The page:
By Lydia Glen
When Kevin Malone from “The Office” said that his dogs were barking, he wasn’t referring to his feet, but rather the dogs of Fireplace Puppies.
This year marks the 11-year anniversary of the group, but within the past three years, the group has begun to hold auditions for new members. Following these auditions, the group will meet to discuss ideas members may have for sketches or ones that members may already have written.
The theme of this year’s February 9th performance is the circus and the freak show.
“[It] provides a narrative arc for the show, which the sketches will fit within,” said senior Kyle Munshower.
The other sketch comedy group on campus, the Alter Boyz, is a long-form comedy group, with more of a focus on the events occurring on campus and humor specific to CSB/SJU in a style akin to Saturday Night Live comedy shows.
Contrarily, the Fireplace Puppies have a specific theme for their shows, meaning many of the sketches will relate in some way to this topic. Past themes have included “Art,” where members dressed up as
artwork, and “Time & High School Personas.” With this year’s theme of the “Freak Show,” comes with a message.
“It’s okay to be a freak. The concept of a freak is a social construct, and all of us are weird sometimes,” Munshower said.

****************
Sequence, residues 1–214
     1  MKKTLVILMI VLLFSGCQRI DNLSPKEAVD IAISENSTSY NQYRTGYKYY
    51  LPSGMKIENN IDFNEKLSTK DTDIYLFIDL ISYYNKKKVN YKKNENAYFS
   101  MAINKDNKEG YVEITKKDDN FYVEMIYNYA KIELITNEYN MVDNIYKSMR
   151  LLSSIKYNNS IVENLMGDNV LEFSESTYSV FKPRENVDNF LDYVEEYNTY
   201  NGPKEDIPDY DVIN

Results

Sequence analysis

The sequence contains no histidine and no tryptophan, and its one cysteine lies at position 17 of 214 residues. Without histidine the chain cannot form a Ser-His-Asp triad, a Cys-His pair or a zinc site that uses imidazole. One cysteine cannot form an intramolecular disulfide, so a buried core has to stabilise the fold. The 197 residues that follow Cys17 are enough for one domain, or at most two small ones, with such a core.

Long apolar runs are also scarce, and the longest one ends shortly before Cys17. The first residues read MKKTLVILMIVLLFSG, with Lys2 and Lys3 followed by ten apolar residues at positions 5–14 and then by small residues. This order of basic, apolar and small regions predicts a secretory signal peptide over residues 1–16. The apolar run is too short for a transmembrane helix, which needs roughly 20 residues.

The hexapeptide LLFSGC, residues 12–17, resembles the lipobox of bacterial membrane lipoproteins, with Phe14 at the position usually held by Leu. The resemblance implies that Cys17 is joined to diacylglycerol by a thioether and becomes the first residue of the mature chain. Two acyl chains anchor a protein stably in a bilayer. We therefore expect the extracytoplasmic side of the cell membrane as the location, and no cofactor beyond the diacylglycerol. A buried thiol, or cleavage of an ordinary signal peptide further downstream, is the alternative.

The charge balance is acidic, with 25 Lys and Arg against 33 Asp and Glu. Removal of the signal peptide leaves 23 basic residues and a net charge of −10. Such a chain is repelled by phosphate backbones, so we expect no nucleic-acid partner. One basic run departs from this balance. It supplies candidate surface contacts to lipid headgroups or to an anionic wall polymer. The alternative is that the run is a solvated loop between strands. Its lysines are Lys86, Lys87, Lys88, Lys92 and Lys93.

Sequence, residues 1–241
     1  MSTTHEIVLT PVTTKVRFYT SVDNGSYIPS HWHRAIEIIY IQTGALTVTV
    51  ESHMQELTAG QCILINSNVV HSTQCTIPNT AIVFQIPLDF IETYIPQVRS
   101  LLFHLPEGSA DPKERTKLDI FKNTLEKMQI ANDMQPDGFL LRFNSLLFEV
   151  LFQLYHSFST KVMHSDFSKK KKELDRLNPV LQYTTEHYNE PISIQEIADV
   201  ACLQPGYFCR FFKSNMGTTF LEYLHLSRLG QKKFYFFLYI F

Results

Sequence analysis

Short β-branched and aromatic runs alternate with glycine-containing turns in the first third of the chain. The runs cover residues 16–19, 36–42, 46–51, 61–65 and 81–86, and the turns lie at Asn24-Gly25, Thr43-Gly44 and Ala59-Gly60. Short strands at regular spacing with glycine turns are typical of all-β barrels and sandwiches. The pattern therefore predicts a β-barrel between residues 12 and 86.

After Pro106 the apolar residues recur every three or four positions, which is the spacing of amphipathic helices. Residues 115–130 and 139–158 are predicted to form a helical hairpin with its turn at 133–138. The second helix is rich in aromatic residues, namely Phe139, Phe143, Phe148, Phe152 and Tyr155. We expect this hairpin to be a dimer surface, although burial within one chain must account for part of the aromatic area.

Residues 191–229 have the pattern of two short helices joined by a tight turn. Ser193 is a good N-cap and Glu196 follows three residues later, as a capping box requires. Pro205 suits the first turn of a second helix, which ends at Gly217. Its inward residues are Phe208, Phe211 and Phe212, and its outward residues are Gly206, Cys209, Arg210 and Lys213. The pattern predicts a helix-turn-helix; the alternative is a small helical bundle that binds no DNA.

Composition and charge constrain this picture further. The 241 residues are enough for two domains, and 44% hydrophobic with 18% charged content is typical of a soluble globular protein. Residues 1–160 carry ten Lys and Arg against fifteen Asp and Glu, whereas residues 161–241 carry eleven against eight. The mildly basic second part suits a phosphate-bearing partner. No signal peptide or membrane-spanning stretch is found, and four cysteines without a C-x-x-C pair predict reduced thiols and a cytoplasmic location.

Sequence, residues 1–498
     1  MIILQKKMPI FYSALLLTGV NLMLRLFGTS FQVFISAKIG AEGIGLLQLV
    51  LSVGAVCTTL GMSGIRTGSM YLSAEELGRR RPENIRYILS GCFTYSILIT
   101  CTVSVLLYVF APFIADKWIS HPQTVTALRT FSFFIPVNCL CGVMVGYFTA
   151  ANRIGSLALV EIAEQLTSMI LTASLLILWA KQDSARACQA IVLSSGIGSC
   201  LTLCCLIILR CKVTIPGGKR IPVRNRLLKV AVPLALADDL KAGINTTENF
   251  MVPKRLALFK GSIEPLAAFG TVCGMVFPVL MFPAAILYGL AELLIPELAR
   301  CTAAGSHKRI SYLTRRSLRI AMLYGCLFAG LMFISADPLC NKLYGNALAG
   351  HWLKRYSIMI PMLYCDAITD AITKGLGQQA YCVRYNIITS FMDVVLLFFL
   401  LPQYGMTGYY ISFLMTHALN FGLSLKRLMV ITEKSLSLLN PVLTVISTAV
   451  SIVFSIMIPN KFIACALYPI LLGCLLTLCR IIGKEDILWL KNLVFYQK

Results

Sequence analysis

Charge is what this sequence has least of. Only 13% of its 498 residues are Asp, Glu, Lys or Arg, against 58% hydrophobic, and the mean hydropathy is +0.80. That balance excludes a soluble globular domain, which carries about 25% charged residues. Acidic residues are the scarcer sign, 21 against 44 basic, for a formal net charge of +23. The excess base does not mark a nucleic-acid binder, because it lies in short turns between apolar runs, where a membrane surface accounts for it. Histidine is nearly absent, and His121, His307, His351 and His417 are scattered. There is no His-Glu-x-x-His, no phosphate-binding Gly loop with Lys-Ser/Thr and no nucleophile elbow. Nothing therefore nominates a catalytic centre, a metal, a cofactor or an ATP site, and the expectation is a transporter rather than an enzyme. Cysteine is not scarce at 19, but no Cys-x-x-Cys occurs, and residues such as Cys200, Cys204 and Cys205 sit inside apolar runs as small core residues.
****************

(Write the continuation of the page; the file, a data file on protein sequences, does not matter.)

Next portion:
In finding ideas for sketches, the group looks to a variety of sources.
“[We’re] scouring the dark side of YouTube and soaking up all of the disgusting things that are on the internet. Unless [IT Services] is wondering where those searches were coming from—then it wasn’t us,” senior Kevin Duong said.
As the meetings progress, the team becomes more organized and the sketches begin to take shape. Members also use everyday situations with a touch of humor as inspiration for their skits.
Sketches vary greatly, with some lasting seven seconds, and others lasting as long as five minutes. Some of the hardest skits to perform are those with sound or video components, as timing has to be consistent. Senior Stage Manager Lindsay Janke has been working with the group for four years and has a good idea of the group dynamic, as well as experience in theater productions.
Some of the groups’ favorite sketches include one about Little Red Riding Hood, as well as a sketch about the Queen of England. However, each sketch has something special.
“All of the sketches are my favorite, because they are all great in their own way,” senior Katy Rasmussen said.
With the performance coming so quickly, members are excited to finally have an audience.
“We think we are really funny, but we never really know if it is funny until there are people watching us,” said Munshower.
On the other side of things, as the show comes closer, Duong discussed the negatives of performing in front of their peers.
“What are we not looking forward to? The gurgglies, the wobblies, wallowing in self-doubt, the lack of sleep and rickety joints,” Duong said.
These symptoms, according to Munshower, are otherwise known as the “Sketch Show Shakes.”
The group is optimistic about their performance and look forward to students attending.
“This is something that is perfectly tailored for college students on this campus. You don’t have to be into art to enjoy what we make—it’s for everybody,” Munshower said.